Post by Doroghazi » Sat Apr 28, 2018 12:47 pm

I believe people should have a credit card far before college graduation to establish a credit history. Ex: they are opening a phone or some other type of utility account. If no credit history, a deposit will be required, which, no matter what the phone company or utility says, they will not get back. Paper work lost, yada yada yada.

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Alexa9
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Re: First credit card

Post by Alexa9 » Sat Apr 28, 2018 12:57 pm

I would apply for a few to start building a credit history. Don't be afraid to get denied. Discover It is an easy approval.
You can also apply for a secured card that works like a debit card.
If not you can add him as an authorized user to your account with a low credit limit or even cosign if you trust him to be responsible (as a last resort, not recommended).

RetiredAL
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Re: First credit card

Post by RetiredAL » Sat Apr 28, 2018 3:07 pm

Here's what I did with my three kids when they turned 18 - I opened a joint card with them. They immediately got a higher credit score, and I could help them manage their financial affairs. After this joint card is open 6 months, have them apply for a card in their name only, and guess what, the helped credit score follows them.

If you are paranoid, after they open the new card in their own name, collect, but don't close, the joint card. Let it age for a few years.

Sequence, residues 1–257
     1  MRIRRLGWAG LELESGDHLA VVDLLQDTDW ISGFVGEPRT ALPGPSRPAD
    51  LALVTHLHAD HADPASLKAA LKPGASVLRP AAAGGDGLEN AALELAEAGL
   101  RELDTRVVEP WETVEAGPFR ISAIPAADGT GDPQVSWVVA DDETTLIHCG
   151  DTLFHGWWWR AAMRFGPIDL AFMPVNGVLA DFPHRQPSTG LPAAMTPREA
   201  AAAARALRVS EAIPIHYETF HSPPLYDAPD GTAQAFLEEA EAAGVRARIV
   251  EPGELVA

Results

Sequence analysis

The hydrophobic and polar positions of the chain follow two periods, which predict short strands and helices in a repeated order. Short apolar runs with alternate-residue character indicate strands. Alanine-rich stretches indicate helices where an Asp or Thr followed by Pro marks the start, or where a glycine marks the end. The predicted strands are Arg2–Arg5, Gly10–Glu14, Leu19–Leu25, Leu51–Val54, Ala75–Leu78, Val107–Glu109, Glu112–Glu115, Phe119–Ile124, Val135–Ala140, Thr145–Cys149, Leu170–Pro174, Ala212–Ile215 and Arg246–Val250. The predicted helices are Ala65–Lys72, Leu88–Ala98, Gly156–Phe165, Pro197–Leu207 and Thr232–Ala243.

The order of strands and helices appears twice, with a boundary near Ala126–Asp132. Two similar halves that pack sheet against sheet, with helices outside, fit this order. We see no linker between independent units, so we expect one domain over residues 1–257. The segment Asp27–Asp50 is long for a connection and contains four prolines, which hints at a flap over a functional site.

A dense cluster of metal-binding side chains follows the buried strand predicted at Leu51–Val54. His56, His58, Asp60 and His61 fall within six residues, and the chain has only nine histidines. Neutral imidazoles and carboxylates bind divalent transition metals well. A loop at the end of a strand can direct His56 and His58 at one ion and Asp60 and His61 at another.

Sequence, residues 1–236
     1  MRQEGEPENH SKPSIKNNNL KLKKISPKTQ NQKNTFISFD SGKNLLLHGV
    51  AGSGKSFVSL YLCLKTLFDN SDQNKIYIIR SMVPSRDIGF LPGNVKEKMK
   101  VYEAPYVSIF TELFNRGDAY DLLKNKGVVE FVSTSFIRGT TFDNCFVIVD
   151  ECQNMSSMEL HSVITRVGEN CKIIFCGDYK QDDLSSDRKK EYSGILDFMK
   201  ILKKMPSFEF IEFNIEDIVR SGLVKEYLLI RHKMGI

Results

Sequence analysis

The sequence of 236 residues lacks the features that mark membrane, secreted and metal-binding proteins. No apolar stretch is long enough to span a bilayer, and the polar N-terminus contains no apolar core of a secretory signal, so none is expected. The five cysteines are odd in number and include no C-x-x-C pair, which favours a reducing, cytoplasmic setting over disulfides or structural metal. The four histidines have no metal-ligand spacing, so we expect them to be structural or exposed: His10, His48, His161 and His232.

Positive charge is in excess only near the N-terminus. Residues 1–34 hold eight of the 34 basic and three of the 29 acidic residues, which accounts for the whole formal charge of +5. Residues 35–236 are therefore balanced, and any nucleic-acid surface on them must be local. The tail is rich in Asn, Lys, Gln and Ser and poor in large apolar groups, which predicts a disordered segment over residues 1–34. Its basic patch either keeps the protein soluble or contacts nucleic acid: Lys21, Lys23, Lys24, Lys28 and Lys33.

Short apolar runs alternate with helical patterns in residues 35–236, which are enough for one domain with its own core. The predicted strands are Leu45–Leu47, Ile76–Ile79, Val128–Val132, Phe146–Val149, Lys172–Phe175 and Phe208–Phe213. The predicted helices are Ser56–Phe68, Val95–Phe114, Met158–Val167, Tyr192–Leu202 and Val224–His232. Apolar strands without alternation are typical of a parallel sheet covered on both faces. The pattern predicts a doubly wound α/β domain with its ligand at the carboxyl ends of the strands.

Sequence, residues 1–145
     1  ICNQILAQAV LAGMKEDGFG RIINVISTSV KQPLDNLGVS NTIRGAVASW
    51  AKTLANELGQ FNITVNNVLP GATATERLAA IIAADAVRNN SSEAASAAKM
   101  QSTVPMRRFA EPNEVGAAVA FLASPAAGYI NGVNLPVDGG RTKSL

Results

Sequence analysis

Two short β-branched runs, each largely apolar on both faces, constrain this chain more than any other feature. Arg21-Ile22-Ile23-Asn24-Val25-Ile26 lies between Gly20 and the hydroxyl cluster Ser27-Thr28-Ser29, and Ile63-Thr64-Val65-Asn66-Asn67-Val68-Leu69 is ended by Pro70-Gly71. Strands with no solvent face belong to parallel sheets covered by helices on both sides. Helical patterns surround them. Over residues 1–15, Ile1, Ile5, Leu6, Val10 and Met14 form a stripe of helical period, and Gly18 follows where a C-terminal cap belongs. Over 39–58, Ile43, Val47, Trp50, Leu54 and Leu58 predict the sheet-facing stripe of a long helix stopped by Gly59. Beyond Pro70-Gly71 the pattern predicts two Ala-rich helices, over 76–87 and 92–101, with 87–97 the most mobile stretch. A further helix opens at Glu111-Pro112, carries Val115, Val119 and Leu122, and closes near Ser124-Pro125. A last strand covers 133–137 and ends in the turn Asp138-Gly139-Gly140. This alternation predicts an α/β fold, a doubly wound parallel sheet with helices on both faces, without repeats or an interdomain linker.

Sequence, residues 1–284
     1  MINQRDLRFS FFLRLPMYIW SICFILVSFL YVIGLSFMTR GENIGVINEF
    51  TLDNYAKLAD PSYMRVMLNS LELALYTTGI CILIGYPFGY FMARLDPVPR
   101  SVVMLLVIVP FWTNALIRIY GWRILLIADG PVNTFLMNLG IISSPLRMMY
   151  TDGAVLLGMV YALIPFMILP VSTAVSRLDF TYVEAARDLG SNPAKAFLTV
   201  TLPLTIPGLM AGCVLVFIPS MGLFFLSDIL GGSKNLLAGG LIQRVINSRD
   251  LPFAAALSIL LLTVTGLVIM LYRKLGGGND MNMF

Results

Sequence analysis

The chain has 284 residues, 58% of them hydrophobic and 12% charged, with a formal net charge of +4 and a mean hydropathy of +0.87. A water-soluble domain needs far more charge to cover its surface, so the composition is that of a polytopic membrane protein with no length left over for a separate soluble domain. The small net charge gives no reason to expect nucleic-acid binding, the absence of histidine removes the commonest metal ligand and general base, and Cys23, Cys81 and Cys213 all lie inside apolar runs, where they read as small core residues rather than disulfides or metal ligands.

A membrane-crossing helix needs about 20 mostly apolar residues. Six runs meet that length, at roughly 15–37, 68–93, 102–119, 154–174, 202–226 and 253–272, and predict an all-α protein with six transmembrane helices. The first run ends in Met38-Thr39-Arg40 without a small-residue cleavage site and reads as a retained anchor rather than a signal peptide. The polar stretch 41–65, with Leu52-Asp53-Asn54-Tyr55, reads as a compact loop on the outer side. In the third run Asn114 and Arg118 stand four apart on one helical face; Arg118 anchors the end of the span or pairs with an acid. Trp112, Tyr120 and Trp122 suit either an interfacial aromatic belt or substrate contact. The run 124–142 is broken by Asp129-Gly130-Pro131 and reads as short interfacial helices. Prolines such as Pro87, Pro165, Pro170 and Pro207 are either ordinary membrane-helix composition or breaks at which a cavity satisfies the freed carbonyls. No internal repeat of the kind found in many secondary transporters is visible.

This helped credit score will be a plus for a car loan sometime later. Or a rental application, or car insurance, ect.

A year after my daughter graduated college, she was able to buy a house at a good rate because good history already existed for her.

Also, avoid as an early card, a card from Capital One or American Express, and some others, which don't report a person's monthly balances, as the credit bureaus will assume the card is at the limit and lower the score. Yeah, that's how you get a "balance too high" on your credit report when you pay the balance to zero each month.

mouses
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Re: First credit card

Post by mouses » Sat Apr 28, 2018 3:40 pm

I like my CapitalOne card. It is a straight 1.5% cash back, so simple.

And you have access to the cash as soon as you charge the item. So when I periodically check my transactions, a few clicks and I've put that in my account as a credit.

Also, their customer service is good and seems based in the U.S.